The Irish Aviation Authority plans to become the first commercial State body to be 100% sustainable and fully carbon neutral by 2025.

The authority employs 700 people across six sites around Ireland, providing air traffic control services and regulating civil aviation.

The aviation industry has come in for strong criticism in recent years as airlines are among the biggest polluters in the world.

The IAA has laid out ten objectives to achieve its goal over the next four years, including sourcing 100% of its electricity from green sources and improving its energy efficiency by 50%.

It also aims to reduce its internal transport costs by transitioning to electric vehicles - all hybrid by 2025 and fully electric by 2030.

The authority wants to reduce its waste per employee by 50% by reducing plastic use and recycling paper, cardboard and glass, while also ensuring a fully green procurement policy.

The objectives are in line with the 2019 Government Climate action plan, which has mandated public bodies to improve energy efficiency by 50%, reduce CO2 by 30% and to upgrade existing public buildings to a BER B rate by 2030.

The plan was launched at the IAA's area control centre at Shannon, which handles 90% of all air traffic on the North Atlantic.

Chairperson Rose Hynes said for the IAA to play a leading role in the development of a sustainable aviation sector it must first 'walk the walk’.

She said they have developed an ambitious plan that will see the IAA not only become a climate change leader in Ireland, but also a global leader for sustainable aviation.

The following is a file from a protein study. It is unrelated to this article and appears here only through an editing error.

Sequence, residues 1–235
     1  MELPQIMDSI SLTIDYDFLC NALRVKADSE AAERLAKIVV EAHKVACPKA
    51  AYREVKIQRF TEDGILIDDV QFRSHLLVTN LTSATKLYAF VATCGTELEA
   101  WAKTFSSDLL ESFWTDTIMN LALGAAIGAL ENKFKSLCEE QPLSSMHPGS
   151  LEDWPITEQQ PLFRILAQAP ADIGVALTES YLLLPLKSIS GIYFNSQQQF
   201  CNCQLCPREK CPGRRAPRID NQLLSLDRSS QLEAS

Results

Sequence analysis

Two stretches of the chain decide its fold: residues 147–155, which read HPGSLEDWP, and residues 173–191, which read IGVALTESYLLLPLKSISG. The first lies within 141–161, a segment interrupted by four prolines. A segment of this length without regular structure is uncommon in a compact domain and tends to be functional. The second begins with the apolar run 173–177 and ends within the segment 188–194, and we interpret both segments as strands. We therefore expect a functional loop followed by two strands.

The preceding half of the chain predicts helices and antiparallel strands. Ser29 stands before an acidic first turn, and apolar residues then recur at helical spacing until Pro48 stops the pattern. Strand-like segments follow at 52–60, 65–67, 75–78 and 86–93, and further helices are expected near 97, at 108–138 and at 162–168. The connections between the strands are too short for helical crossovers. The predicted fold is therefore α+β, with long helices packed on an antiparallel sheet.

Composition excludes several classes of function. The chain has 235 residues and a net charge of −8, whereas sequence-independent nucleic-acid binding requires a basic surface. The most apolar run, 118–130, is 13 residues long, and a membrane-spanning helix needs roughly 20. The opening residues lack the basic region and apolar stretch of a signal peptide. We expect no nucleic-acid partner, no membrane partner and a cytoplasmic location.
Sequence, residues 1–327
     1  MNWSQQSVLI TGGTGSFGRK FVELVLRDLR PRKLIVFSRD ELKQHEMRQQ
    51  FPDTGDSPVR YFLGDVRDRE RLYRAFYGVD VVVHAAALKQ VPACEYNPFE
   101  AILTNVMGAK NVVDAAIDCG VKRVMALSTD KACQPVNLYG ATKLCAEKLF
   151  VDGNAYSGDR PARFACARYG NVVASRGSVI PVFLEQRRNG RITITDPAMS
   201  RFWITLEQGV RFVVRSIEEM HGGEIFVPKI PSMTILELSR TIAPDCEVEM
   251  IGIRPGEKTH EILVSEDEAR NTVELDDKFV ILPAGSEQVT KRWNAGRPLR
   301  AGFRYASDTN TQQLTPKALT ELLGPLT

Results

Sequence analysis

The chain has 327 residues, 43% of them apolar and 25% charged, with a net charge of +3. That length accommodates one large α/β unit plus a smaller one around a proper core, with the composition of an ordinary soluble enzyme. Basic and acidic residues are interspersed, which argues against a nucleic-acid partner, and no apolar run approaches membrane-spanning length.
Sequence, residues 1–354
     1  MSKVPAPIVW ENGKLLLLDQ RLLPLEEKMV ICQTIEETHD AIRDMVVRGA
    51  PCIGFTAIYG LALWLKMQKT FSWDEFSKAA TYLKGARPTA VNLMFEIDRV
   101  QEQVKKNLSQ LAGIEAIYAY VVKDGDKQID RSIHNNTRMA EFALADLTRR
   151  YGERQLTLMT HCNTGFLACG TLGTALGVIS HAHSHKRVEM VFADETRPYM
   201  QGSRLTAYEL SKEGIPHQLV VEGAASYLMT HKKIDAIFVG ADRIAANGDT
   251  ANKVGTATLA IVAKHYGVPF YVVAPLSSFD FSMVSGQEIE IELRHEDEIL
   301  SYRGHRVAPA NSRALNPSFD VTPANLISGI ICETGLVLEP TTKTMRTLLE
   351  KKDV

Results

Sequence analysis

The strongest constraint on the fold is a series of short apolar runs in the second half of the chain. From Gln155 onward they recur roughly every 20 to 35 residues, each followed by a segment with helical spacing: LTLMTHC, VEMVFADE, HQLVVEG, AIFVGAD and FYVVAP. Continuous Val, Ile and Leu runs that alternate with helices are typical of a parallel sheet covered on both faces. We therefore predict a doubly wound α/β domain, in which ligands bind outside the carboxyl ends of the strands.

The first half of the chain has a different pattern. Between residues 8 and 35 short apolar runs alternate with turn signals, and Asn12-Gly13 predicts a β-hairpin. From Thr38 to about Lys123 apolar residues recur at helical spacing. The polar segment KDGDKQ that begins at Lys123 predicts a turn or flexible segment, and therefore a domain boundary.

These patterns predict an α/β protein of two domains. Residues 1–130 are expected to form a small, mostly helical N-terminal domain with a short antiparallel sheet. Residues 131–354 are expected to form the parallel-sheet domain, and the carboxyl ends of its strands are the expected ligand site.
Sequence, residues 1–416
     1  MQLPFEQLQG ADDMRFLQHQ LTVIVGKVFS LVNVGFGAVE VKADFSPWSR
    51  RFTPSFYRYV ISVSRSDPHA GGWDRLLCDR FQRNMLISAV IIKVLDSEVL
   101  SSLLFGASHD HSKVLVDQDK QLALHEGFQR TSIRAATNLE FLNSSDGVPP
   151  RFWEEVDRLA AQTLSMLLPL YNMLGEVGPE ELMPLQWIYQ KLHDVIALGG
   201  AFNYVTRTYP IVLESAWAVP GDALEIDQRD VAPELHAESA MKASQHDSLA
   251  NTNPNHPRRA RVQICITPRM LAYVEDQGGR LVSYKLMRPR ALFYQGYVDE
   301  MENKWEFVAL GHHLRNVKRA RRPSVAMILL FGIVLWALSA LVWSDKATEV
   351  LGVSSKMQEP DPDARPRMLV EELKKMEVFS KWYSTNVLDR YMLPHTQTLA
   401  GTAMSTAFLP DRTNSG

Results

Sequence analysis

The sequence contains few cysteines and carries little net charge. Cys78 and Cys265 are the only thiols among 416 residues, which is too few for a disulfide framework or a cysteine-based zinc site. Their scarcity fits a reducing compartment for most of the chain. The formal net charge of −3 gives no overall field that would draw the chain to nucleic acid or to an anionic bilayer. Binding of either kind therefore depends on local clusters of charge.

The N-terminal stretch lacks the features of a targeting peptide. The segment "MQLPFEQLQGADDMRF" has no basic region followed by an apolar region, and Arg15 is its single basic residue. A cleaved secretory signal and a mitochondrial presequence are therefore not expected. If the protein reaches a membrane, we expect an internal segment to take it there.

CEO Peter Kearney said they had already started to deliver on sustainability initiatives and had recorded an energy efficiency rate of over 41% in 2020, well ahead of the target set for public bodies.

In addition, Mr Kearney said the authority sourced 80% of its electricity from renewable sources last year.

He said that the IAA was also one of the first European air navigation services to use the pioneering Free Route Airspace structure, which allows airline operators to file flight plans in a more cost effective manner resulting in reduced fuel upload and CO2.

"This has delivered environmental benefits for the past decade. European Commission surveys show that Irish airspace, operated by the IAA, is consistently one of the most environmentally efficient airspace blocks in Europe.

"We will build on this in the coming years and act as a catalyst for sustainable aviation," he said.

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